Jason: Probably the awkward fist bump at the end. But also just the entire Amusement Mile sequence, it’s SO well choreographed and shot. Also, the fact that Harley voted for Bernie is A+.
Cidnya: After all was said and done, the girls went to have tacos. I loved this scene because we witnessed amazing chemistry between Huntress, Renee, Black Canary, and Harley. The fun friendship dynamic felt real and authentic. The humor was well balanced and made me realize how much fun I had with this movie.
Lizzy: The final fight sequences featuring all of the leading ladies taking on Roman’s men. The fight choreography was on beat with the music, had a lot of humor, and felt as fantastical as the characters on screen. Birds of Prey was over the top and not afraid to lean into that, the final fight sequence is a perfect example.
Ian: Definitely the final two fights. The team finally coming together and taking on Black Mask’s goons was nothing but absolute fun. The fighting was super well choreographed, the shots were great, the music was right, and it managed to make sure I had a smile on my face all the way through.
What could it have done better?
Kate: This is less about what the film could have done better and more about what the marketing of the film could have done better. While I love the film, the one thing I can’t over is the fact that it’s named Birds of Prey. This is a Harley story that also introduces the Birds of Prey which makes the subhead of the title “And The Fantabulous Emancipation of One Harley Quinn” could have been the title. It’s Harley’s film, but that isn’t a bad thing, the marketing just sets expectations differently.
CJ: Of all the characters in the movie I feel like Huntress got the short end of the stick. She has a fairly intriguing backstory, but her characterization more or less boils down to “angry archery girl.” I feel like Winstead could have been utilized more, or bounced off Harley more.
Jason: The movie should just have been called The Fantabulous Emancipation of One Harley Quinn and been a backdoor pilot for a Birds of Prey Spinoff.
Cidnya: This film is a great cinematic debut for the Birds of Prey, however, this is a Harley Quinn film. Harley is used as a way to introduce these characters and it’s a title just doesn’t sit right with what we saw. The movie is great but it’s not a Birds of Prey film.
Lizzy: I don’t know if it is the movie itself so much as the marketing decisions around it. This shouldn’t have been billed as a Birds of Prey movie, because it isn’t. It is missing Oracle and even within the film itself, these women aren’t a team until the final scene before the closing credits. This is the Harley Quinn show featuring a strong cast of characters around her and that is ok, but it needs to be marketing as such.
Ian: Probably the marketing. Why was Harley Quinn in this again? Even though the movie is about and titled Birds of Prey, it’s still treated as Harley’s movie first and foremost. The Birds of Prey get the short end of the stick in their own movie. It’s more The Fantabulous Emancipation of One Harley Quinn that it is Birds of Prey.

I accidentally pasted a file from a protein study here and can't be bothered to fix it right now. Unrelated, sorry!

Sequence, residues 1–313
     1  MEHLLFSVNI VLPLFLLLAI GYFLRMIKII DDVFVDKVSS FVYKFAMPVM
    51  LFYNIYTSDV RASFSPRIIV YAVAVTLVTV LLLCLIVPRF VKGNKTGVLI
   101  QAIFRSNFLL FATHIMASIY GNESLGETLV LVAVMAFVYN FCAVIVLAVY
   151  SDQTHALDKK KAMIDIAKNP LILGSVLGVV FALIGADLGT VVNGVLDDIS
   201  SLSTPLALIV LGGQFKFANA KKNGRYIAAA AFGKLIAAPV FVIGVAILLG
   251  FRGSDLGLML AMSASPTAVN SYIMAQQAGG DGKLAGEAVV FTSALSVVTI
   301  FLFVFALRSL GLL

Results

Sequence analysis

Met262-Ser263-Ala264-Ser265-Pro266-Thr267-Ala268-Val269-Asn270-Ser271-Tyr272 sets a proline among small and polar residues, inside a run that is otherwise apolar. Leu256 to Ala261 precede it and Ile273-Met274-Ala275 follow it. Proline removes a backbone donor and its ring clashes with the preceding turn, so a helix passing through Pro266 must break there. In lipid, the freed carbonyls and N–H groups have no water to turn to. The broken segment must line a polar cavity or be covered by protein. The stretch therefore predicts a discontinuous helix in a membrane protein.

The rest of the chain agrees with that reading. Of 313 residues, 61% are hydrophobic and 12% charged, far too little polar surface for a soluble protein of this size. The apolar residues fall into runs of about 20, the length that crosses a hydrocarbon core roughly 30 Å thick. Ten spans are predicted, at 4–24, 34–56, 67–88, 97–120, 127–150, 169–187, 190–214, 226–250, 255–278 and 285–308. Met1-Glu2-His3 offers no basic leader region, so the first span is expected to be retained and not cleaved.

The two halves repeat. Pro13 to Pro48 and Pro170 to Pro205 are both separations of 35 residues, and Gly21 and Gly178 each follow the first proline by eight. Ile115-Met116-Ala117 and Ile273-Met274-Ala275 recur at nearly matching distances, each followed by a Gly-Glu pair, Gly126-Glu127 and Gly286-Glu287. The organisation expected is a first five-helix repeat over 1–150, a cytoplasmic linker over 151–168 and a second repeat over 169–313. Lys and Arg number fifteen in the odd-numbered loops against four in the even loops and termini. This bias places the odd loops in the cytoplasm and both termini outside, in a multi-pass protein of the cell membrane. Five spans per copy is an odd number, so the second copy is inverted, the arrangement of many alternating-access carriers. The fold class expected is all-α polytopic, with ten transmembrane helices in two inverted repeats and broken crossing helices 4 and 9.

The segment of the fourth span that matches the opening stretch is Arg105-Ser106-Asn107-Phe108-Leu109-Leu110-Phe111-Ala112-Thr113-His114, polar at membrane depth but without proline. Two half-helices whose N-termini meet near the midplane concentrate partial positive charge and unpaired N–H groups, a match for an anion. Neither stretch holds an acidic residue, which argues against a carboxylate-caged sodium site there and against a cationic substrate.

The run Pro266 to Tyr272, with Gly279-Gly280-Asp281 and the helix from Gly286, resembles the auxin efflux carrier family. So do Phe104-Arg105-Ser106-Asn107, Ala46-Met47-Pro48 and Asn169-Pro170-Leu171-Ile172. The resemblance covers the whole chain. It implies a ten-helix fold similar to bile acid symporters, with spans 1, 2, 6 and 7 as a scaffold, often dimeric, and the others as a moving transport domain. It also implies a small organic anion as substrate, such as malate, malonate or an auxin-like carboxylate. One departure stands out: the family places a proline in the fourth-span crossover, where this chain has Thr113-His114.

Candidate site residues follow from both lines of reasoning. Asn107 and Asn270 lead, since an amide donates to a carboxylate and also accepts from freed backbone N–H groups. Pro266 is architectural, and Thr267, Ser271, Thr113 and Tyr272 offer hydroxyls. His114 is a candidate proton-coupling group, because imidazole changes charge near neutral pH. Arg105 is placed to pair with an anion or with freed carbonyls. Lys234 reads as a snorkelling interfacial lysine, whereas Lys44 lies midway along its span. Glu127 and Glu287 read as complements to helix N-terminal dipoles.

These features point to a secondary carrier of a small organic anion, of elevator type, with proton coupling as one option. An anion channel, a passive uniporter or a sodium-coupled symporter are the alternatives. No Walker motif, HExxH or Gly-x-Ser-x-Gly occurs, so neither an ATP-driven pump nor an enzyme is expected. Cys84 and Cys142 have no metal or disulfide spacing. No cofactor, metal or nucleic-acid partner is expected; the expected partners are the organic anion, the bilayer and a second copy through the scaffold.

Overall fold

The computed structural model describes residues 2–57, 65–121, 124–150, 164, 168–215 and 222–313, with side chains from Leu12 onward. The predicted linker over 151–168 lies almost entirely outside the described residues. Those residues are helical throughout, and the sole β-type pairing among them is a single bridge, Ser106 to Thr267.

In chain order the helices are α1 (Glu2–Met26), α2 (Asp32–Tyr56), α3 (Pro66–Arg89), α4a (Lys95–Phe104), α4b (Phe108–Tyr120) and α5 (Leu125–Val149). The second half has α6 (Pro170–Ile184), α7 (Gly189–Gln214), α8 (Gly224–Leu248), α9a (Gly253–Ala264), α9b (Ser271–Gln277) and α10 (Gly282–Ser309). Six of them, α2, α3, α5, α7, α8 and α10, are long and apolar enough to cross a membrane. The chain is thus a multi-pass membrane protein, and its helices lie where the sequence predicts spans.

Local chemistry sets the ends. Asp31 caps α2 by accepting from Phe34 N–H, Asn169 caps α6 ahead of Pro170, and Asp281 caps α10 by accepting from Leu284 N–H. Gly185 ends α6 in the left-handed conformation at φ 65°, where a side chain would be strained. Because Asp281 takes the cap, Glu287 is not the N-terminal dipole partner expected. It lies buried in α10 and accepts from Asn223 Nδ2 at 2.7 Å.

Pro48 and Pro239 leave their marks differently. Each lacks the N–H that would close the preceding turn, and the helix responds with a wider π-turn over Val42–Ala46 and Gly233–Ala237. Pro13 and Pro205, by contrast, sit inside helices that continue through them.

Where do you hope the story goes after this?
Kate: I fell in love with both Black Canary and Renee Montoya. While I have always loved them in the comics, I love how they were brought to life and I can’t wait to see more of them in a stand-alone capacity separate from Harley.
CJ: I’d like to see a sequel give more depth to Huntress, and showcase Black Canary’s leadership skills. Also, I’d love for Renee Montoya to take up the mantle of the Question.
Jason: Let’s get a for-real Birds of Prey from here bringing in Oracle/Batgirl and I don’t know who’s missing but yeah, that. Also, I so want to just skip that James Gunn Suicide Squad movie and have something different but with all the same cast. Can we get that? Taika Waititi is in it and that’s basically the only reason I have any semblance of interest in it. ALSO how about a Harly/Ivy BFFs story?
Cidnya: I am excited to hopefully see the Birds of Prey in their own film. I would love that care and passion used for Harley’s character to be showcased in their own sequel.
Lizzy: Bring in Jason Todd. The beauty of where this movie ended is that these women are anti-heroes, no one here is auditioning for the Justice League. With that in mind, the squad of badass ladies should bring in more anti-heroes and who better to take on Gotham’s next big baddie than Todd who in the comics literally takes over the biggest gang territories and makes it his own all while keeping citizens safe.
Ian: I’d love to see more Black Canary in the DCEU’s future. I’m also really interested in seeing where Harley goes from here. I just hope Gotham City Sirens has a different feel to it from Birds of Prey.
One-sentence movie review:
Kate: Glitter bombs, f-bombs, and so much ass-kicking make for a near-perfect first outing for the Birds of Prey. 9/10
CJ: Birds of Prey is a bloody, bombastic glitter bomb of a movie, packed full of great fight scenes and the antics only a movie about Harley Quinn could deliver. 8/10
Jason: I saw this movie twice, back to back and I liked it both times, which says a lot because I don’t like seeing movies more than once within a few months usually. 7/10
Cidnya: Birds of Prey is a fantastical and fun female-led and female-directed action flick that doesn’t hold back on its grit and violence. 8/10
Lizzy: Birds of Prey is a wild ride with a strong cast of strong and interesting characters. This is the perfect movie for Galentine’s Day. 9/10
Ian: Birds of Prey is one hell of a ride with great action, strong humor, a killer soundtrack, and further showcasing DC’s bright future on the big screen. 8.5/10
Birds of Prey (and the Fantabulous Emancipation of One Harley Quinn)
- Rating - 8.5/108.5/10
Birds of Prey is one hell of a ride with great action, strong humor, a killer soundtrack, and further showcasing DC’s bright future on the big screen.
Kate is co-founder, EIC, and CCO of BWT. She’s also a Certified Rotten Tomatoes Critic, host, and creator of our flagship podcast, But Why Tho? and Did You Have To?. She also manages all PR relationships for comics, manga, film, TV, and anime. She has an MA in Cultural Anthropology and Religious Studies focusing on how pop culture impacts society.